Former All-American and NFL Hall of Famer Fred Biletnikoff named Walter Camp “Man of the Year”
Former Walter Camp All-American and Pro Football and College Hall of Famer Fred Biletnikoff (Florida State) is the recipient of the Walter Camp Football Foundation’s 2015 “Man of the Year” award.
2015 WCFF Man of the Year-Biletnikoff
The Walter Camp “Man of the Year” award honors an individual who has been closely associated with the game of football as a player, coach or close attendant to the game. He must have attained a measure of success and been a leader in his chosen profession. He must have contributed to the public service for the benefit of his community, country and his fellow man. He must have an impeccable reputation for integrity and must be dedicated to our American Heritage and the philosophy of Walter Camp.
Biletnikoff joins a distinguished list of former “Man of the Year” winners, including Roger Staubach (Navy), Gale Sayers (Kansas), Dick Butkus (Illinois), John Elway (Stanford) and last year’s recipient Jerome Bettis (Notre Dame).
“Fred Biletnikoff the wide receiver is synonymous with excellence,” said Foundation president Robert Kauffman. “However, his passion and commitment to helping others in need is what makes him a worthy Man of the Year recipient.”
A native of Erie, Pa., Biletnikoff attended Florida State University, where he played three seasons on both sides of the ball. In 1964, he earned Walter Camp All-America honors after recording 57 receptions for 987 yards and 11 touchdowns as the Seminoles finished 9-1-1, including a Gator Bowl victory over Oklahoma.
Drafted in the second round (11th selection) in the 1965 AFL Draft, Biletnikoff played his entire professional career with the Oakland Raiders (1965 to 1978). He led the Raiders to three berths in the then-American Football League championship game (winning in 1967), and later earned Super Bowl XI Most Valuable Player honors when the Raiders defeated the Minnesota Vikings, 32-14.
During his career, he earned All-Pro honors twice (1969 and 1972) and was selected to play in six Pro Bowls. Biletnikoff finished his career as the Raiders’ all-time leader in career receptions (589), receiving yards (8,974) and receiving touchdowns (76).
A durable and consistent player, Biletnikoff shared the NFL record with 10 consecutive seasons with 40 or more receptions, and he missed just eight games over his 14-year professional career.
He was inducted into the Pro Football Hall of Fame in 1988 and was voted into the College Football Hall of Fame in 1991.
The Fred Biletnikoff Award, awarded annually since 1994 to the best wide receiver in the nation, was named in his honor by the Tallahassee Quarterback Club Foundation, Inc.
Following the untimely death of his daughter in 1999, Biletnikoff started the Tracey Biletnikoff Foundation, whose mission is to help teenage girls who are battling addiction, domestic violence and sexual abuse. In August 2015, the Foundation modernized Tracey’s Place, located in Loomis, Calif., to offer additional help to girls as they recover and prepare for the outside world.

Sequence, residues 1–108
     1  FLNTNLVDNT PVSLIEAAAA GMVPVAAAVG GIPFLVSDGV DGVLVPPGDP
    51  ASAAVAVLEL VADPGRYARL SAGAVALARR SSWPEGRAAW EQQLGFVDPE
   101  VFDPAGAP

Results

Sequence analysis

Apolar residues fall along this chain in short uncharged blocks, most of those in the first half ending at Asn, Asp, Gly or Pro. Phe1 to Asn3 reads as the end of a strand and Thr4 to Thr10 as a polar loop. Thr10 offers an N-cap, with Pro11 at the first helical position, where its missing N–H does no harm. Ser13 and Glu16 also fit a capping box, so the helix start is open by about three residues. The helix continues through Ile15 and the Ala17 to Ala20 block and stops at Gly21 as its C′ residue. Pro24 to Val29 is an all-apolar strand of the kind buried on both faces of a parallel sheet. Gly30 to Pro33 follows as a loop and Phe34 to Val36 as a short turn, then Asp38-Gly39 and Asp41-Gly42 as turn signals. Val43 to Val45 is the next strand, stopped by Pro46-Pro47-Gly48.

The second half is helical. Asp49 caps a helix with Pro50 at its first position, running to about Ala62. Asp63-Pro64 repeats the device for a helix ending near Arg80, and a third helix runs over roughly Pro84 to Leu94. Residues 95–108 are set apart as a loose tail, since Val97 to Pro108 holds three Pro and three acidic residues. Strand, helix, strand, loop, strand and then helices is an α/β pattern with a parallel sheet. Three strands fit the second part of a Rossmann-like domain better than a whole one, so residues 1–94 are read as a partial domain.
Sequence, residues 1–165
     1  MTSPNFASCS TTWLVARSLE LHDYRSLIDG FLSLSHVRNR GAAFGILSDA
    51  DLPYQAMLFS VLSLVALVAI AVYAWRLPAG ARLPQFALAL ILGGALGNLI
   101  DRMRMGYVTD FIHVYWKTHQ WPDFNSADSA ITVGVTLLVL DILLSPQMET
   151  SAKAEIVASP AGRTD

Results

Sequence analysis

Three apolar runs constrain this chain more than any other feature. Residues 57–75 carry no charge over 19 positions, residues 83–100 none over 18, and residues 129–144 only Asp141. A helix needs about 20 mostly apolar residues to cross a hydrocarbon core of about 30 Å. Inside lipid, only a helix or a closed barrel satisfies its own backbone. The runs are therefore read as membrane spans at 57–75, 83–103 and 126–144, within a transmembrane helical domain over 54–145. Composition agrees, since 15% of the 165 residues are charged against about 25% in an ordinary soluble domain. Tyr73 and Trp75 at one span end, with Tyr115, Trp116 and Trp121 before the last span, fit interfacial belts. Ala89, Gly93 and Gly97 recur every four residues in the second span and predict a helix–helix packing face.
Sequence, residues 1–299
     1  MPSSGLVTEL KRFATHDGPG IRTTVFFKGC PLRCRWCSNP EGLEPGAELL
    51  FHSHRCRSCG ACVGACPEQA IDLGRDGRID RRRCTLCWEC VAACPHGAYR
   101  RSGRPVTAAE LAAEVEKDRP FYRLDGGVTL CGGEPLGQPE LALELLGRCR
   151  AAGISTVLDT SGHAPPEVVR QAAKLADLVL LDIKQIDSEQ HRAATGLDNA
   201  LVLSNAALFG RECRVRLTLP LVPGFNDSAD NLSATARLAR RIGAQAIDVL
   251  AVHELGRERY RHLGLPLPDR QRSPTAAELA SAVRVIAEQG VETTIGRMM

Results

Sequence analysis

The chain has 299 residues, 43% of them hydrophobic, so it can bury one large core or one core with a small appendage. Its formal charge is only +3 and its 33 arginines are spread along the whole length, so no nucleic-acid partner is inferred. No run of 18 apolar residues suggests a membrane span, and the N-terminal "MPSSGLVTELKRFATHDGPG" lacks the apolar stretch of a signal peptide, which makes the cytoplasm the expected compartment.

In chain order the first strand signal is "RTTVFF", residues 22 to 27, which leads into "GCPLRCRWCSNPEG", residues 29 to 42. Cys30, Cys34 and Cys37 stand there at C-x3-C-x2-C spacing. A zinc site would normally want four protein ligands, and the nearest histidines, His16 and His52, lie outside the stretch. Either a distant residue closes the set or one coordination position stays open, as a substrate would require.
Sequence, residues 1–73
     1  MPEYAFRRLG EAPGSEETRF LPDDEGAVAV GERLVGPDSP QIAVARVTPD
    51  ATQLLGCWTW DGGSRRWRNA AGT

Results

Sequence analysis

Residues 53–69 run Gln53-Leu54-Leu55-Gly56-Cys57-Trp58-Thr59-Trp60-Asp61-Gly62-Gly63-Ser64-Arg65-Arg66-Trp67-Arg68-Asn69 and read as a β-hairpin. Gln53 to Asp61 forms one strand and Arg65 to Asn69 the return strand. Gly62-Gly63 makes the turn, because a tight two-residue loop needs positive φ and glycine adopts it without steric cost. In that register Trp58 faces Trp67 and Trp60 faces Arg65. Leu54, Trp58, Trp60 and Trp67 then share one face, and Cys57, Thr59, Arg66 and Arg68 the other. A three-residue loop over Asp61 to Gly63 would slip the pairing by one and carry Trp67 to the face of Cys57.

Biletnikoff as well as all of the major award winners and members of the 2015 Walter Camp All-America team will be honored at the organization’s 49th annual national awards banquet on Saturday, January 16, 2016 at the Yale University Commons in New Haven. Please visit www.waltercamp.org for ticket information.
Walter Camp, “The Father of American football,” first selected an All-America team in 1889. Camp – a former Yale University athlete and football coach – is also credited with developing play from scrimmage, set plays, the numerical assessment of goals and tries and the restriction of play to eleven men per side. The Walter Camp Football Foundation (www.waltercamp.org) – a New Haven-based all-volunteer group – was founded in 1967 to perpetuate the ideals of Camp and to continue the tradition of selecting annually an All-America team.
Man of the Year Recipients
2015 – Fred Biletnikoff, Florida State
2014 – Jerome Bettis, Notre Dame
2013 – Matt Millen, Penn State
2012 – Herm Edwards, San Diego State
2011 – Harry Carson, South Carolina State
2010 – Will Shields, Nebraska
2009 – John Elway, Stanford
2008 – Morten Andersen, Michigan State
2007– Dick Butkus, University of Illinois
2006 – Mike Utley, Washington State
2005 – Dwight Stephenson, Alabama
2004 – Anthony Munoz, Southern California
2003 – Ozzie Newsome, Alabama
2002 – Jim Kelly, Miami (Fla.)
2001 – Mike Singletary, Baylor
2000 – Howie Long, Villanova
1999 – Gil Brandt, Dallas Cowboys
1998 – Lou Holtz, Kent State University
1997 – Calvin Hill, Yale
1996 – Lynn Swann, Southern California
1995 – Reggie Williams, Dartmouth
1994 – Dick Anderson, Colorado
1993 – Warren Moon, Washington
1992 – Bob Griese, Purdue
1991 – Mel Blount, Southern
1990 – Nick Buoniconti, Notre Dame
1989 – Paul Brown, Miami (Ohio)
1988 – Andy Robustelli, Arnold
1987 – Levi Jackson, Yale
1986 – Willie Davis, Grambling
1985 – Ricky Bleier, Notre Dame
1984 – Don Shula, John Carroll
1983 – Roger Staubach, Navy
1982 – Merlin Olsen, Utah State
1981 – Otto Graham, Northwestern
1980 – Gale Sayers, Kansas
1979 – Jack Kemp, Occidental
1978 – Floyd Little, Syracuse
1977 – Fred Dunlap, Colgate
1976 – Edward Krause, Notre Dame
1975 – Pete Dawkins, Army
1974 – Jake Gaither, Knoxville College/Florida A&M
1973 – Duffy Daugherty, Syracuse/Michigan State
1972 – Clinton Frank, Yale
1971 – Doc Blanchard, Army
1970 – Harry Kipke, Michigan
1969 – Pete Rozelle, San Francisco
1968 – Ted Blair, Yale
1967 – Hamilton Fish, Harvard
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